Catching the world premiere of Jonathan Harvey’s Dusty musical, ahead of a UK tour and West End transfer, unlike Strictly Come Dancing‘s Craig Revel Horwood’s recent, poorly received Son of a Preacher Man, a non-biopic musical featuring Dusty Springfield songs, here we are promised a more in depth, frank look at the Enfield born singer’s life and music career, with comedy and tears on both accounts. In light of how many musicals have been based around a famous singer or band such as Carole King, The Kinks, Frank Sinatra, Jersey Boys, and that Dusty is one of the most iconic performers of the twentieth century, it’s a wonder she hasn’t been a West End reincarnation before.
With direction by the renowned Maria Friedman, and 60s wigtastic set and costume design by Tom Pye, no matter how talented the production team or how glitzy the staging, ultimately the whole show hinges on one thing – whoever plays Dusty. Fortunately, while there are weaknesses in the general script, based on the authorised biography of Dusty Springfield, triple-Olivier-Award nominated Katherine Kingsley (of Piaf, Singin’ in the Rain and Dirty Rotten Scoundrels fame) excels vocally, mirroring Dusty’s soulful voice and trademark moves and gestures, whilst giving a layered portrayal of her transition onto the world stage, with comedian Rufus Hound playing her manager. From her strained relationship with mother Kay (Roberta Taylor), the crippling stage fright she experienced ahead of each live performance, her perfectionism (and divaism) as a recording artist, to her personal and professional deterioration as fame and fortune took its toll and the music which made her an international sensation, (hits such as ‘Wishin’ And Hopin’ and ‘I Just Don’t Know What To Do With Myself’, ‘The Look of Love’), gradually fell out of fashion with the dawn of glam rock.
Although there’s no disputing Kingsley is convincing throughout, she does verge on impersonating one of the characters from Absolutely Fabulous when it comes to some later poolside scenes when Dusty laps up the vodka for breakfast, and should tone it down if we are to have as much empathy for the star as we are doubtless expected to have. Although Friedman is obviously keen to push the comedy, the audience yo-yos between laughter and melancholy, with serious matters being dealt with too lightly and vice versa, making the feel of the show a little maladjusted and confused when it comes to the more difficult aspects of the singer’s life. The tone and pitch needs some adjusting.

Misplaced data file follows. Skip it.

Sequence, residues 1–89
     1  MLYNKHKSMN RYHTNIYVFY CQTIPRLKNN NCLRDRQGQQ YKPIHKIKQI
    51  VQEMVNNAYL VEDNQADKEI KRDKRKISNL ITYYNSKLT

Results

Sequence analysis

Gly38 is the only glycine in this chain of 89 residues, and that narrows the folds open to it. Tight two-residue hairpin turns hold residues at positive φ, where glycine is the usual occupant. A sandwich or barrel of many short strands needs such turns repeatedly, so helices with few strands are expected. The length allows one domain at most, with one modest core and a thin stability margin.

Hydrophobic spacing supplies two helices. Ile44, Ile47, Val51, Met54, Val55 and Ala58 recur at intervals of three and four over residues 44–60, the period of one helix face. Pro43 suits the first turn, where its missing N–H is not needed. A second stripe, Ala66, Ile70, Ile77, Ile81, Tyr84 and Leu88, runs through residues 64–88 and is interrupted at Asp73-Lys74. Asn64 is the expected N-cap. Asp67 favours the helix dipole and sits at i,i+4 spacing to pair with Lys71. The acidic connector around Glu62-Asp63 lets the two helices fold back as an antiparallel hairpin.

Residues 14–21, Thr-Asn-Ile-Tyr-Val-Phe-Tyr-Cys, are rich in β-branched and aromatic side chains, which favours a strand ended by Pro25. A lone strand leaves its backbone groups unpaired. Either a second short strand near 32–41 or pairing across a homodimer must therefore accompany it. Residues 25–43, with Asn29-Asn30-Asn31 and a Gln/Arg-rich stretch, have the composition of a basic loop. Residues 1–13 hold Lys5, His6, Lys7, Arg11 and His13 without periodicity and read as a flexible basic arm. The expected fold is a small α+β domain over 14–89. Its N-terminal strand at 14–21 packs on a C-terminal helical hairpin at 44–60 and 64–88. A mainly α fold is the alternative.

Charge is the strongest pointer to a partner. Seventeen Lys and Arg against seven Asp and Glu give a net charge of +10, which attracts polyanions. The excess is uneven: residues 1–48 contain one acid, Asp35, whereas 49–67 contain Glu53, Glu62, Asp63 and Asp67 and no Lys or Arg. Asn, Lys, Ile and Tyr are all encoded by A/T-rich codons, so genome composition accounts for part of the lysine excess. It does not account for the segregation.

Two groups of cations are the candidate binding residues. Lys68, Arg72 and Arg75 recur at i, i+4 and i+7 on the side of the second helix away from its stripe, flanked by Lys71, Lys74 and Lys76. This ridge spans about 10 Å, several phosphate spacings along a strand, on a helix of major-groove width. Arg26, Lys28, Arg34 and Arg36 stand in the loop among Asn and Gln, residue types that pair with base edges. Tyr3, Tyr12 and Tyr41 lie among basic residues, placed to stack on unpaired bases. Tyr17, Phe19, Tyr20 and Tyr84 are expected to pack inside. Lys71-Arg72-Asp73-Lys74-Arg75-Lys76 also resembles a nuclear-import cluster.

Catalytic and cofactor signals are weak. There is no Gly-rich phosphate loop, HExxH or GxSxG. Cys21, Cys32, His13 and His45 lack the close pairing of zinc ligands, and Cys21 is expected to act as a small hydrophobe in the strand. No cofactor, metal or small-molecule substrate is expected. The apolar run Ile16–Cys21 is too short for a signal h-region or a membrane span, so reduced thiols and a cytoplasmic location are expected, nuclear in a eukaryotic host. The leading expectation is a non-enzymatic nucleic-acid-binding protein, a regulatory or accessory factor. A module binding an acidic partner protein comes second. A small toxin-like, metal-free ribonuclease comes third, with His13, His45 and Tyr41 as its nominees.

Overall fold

It goes far further than I expected from a musical of this kind, however, bravely showing Dusty’s lesbian relationship with Lois (Joanna Francis), bisexual bed romps in LA and her well reported drink and drug abuse. I’m just not sure that the uncomfortable turn the second half takes, including her time at a mental hospital following a breakdown and episodes of self-harming, is the family-friendly show that would have encouraged so many to buy a ticket, and has forced producers to caution audiences with an advisory 14+, something of a shame when I recall falling in love with Dusty’s music at a much earlier age on my parents introducing me to the music they grew up with.
Dusty is a ‘proud’ celebration of her talent, I’m just not sure we needed to watch footage of her funeral procession following a trite death bed scene which lacked creativity and imagination as a show ending. That said, for all its flaws, the musical has a strong core and doubtless many of the audience members are deeply loyal fans who want to hark back to their grief at Dusty’s passing. For me, the most enjoyable part of the show wasn’t the acting, or listening to the music created for the show, but having the chance to see the electrifying Kingsley bring Dusty to life with a live band, just as I might have seen the real star had I been born in another era. Fortunately, we are left with just such a finale, with a belting ‘You Don’t Have To Say You Love Me’ by Kingsley allowing us to walk away on a more positive note about the singer’s legacy rather than her showbiz decline.